40 over 40: Women in Mixed Media

This article is part of Chicago Art Magazine’s “40 over 40” series, and this list has been compiled by nominations from our readers.

Laura Schell


Hashimoto’s “Bed of Junk Mail”

Barbara Hashimoto forms organic shapes made of shredded junk mail in reaction to how consumer culture affects issues of privacy and the environment. The installation of these ephemeral, sculptural pieces is also sometimes an opportunity for performance, when the artist and another individual as well as the public can interact with the material. Junk Mail Experiment became widely known during its 10-month-long exhibition in the Chicago Arts District (2008) for which she collected over 3,000 cubic feet of junk mail. Hashimoto is an artist-in- residence at BauerLatoza Studio, a multi-disciplinary architectural firm in the Loop.

Noyes’ “Envelop Me No. 5”

Connie Noyes collects recycled materials ranging from asphalt and discarded videotape to bubble gum and condom wrappers. She layers the refuse material with materials like paint, varnish, resin, and wax. The interactions between materials make a surprisingly beautiful end product. Noyes says that she does not start with a preconceived idea of what the work will become.  It starts with an initial gesture and the emotional content follows. The materials fight with each other, intertwining opposing energies into complex compositions that are strangely precise. Her work is currently showing at Chicago Art Source Gallery, 1871 N. Clybourn Ave.

Schwartz’s “Pushing Up the Daisies”

Mindy Rose Schwartz pushes the boundaries of homemade crafts by using common, natural materials in her haunting sculptural pieces. Macramé often ties together her found objects, which are mostly remnants from her childhood home in Skokie. Even her ceramic and plastic creations are acquainted with 1960’s/70’s suburban, middle-class décor. Existing somewhere between interior design and time capsules, her art has been appropriately exhibited in more domestic spaces rather than galleries. There is an intentional ugliness that Schwartz says needs to be represented as an element of the human experience. Just as beauty is a strong presence in the world, so is its counterpart.

Ott’s “of more which more which more” “not green not blue”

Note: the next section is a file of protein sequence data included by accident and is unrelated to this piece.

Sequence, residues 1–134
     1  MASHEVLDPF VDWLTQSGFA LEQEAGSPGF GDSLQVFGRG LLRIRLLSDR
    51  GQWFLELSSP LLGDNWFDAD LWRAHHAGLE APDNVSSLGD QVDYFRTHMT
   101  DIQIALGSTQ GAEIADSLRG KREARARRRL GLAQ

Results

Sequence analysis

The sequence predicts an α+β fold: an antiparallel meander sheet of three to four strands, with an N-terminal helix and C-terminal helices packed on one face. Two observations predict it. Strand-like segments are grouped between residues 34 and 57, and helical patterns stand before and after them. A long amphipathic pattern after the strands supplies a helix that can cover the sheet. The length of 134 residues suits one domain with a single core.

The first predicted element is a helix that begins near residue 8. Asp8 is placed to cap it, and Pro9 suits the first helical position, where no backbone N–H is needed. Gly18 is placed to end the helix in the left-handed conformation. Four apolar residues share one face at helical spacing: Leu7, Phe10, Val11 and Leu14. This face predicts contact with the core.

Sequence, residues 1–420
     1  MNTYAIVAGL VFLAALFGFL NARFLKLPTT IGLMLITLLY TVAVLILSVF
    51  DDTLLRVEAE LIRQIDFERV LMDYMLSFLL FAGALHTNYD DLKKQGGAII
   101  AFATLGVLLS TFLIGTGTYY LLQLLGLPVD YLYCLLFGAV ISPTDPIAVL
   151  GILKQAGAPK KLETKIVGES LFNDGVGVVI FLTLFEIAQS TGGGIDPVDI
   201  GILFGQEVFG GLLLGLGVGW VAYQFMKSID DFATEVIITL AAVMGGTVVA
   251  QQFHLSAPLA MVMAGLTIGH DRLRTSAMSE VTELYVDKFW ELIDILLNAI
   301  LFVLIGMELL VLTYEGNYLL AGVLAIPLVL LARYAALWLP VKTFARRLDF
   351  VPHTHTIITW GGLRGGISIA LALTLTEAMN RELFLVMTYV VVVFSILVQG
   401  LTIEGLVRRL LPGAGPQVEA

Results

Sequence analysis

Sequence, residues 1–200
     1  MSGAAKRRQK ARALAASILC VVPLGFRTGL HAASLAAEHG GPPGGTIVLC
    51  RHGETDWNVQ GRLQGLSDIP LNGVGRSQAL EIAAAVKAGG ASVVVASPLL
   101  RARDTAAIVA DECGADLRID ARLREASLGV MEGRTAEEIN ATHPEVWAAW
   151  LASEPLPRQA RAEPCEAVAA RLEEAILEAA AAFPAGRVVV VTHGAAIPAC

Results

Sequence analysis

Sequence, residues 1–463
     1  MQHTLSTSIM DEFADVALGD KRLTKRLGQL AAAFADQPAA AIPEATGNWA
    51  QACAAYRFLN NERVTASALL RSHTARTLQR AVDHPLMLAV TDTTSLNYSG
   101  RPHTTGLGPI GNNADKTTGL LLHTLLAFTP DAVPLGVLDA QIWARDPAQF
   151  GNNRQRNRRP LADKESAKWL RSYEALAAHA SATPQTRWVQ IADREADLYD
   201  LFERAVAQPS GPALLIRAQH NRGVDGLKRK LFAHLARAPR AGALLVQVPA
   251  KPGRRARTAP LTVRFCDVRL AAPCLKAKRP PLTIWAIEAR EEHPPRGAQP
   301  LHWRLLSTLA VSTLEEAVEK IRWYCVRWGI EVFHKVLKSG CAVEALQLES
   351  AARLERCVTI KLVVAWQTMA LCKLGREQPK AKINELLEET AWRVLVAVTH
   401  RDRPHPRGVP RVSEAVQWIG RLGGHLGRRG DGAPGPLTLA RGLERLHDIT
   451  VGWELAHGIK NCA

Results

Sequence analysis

Sabina Ott re-contextualizes familiar images and objects in paint, sculpture, digital media and installation to explore the overflow of information in a digital age. Technological advances, such as the Internet, provide multiple ways of seeing and understanding which Ott calls “the everything, everywhere eye.” This has changed the focus from the self to the reformed relationships between images, texts, and people, and the sensations associated with the new ways of exchanging ideas.

Jóesldóttir’s “The House Dragon”

Anna Jóesldóttir spent her childhood years in Iceland with only a radio and books to entertain her.  In 1992 she moved to Chicago to develop her inspiration into art-making at the School of the Art Institute. Jóesldóttir’s use of pen and colored pencil gives her work a whimsical, illustrative quality, but with the movement and vibrancy of sound.  Manipulation of the paper transforms her drawings into sculpture, books, and larger than life installations. In the third dimension she is able to play with the interconnected tensions between negative and positive spaces, light and shadow, and the fragility and durability of her material.

Barbara Koenen

Barbara Koenen creates illusions of the familiar with unusual materials.  Her war rugs are not woven but carefully constructed with fragrant and colorful spices laid on the floor.  Her work is a reaction against the portrayal of violence in rugs from Afghanistan. In the 1970’s, when the Soviet Union invaded the country, traditional rug patterns were replaced by images of war. Koenen heightens the contradiction by using a technique based on Buddhist meditations. The rugs are subject to unpredictable elements such as wind, or the tread of a passerby.  Although Koenen makes prints of her rugs before they are influenced by its surroundings, this volatile quality of her art makes an impression more pungent than her medium.

Hormuth’s “Tower (ten)”

Jo Hormuth’s work is elegant in its simplicity, yet humorous and playful in its use of colors and materials ranging from video and photography to sculpture and installation. She re-contextualizes mundane subjects such as baseballs or picture frames to poetic ends, revealing new meanings that, until her influence, remained latent within the object.

Feder-Nadoff’s “bethlehem”

Michele Feder-Nadoff’s interests lie in the transformation of matter into meaning. The ethnographic materials and techniques of Mexico inspire her installations and collaborative performances. Her animated surface markings are activated by the light of her work’s environment and emphasize the relationship between space and void. Embracing both community and studio practices, Feder-Nadoff has spent numerous visits with traditional coppersmiths of Santa Clara del Cobre, Michoacán, Mexico for research and community organizing initiatives on behalf of the nonprofit Cuentos Foundation, which she founded in 1998.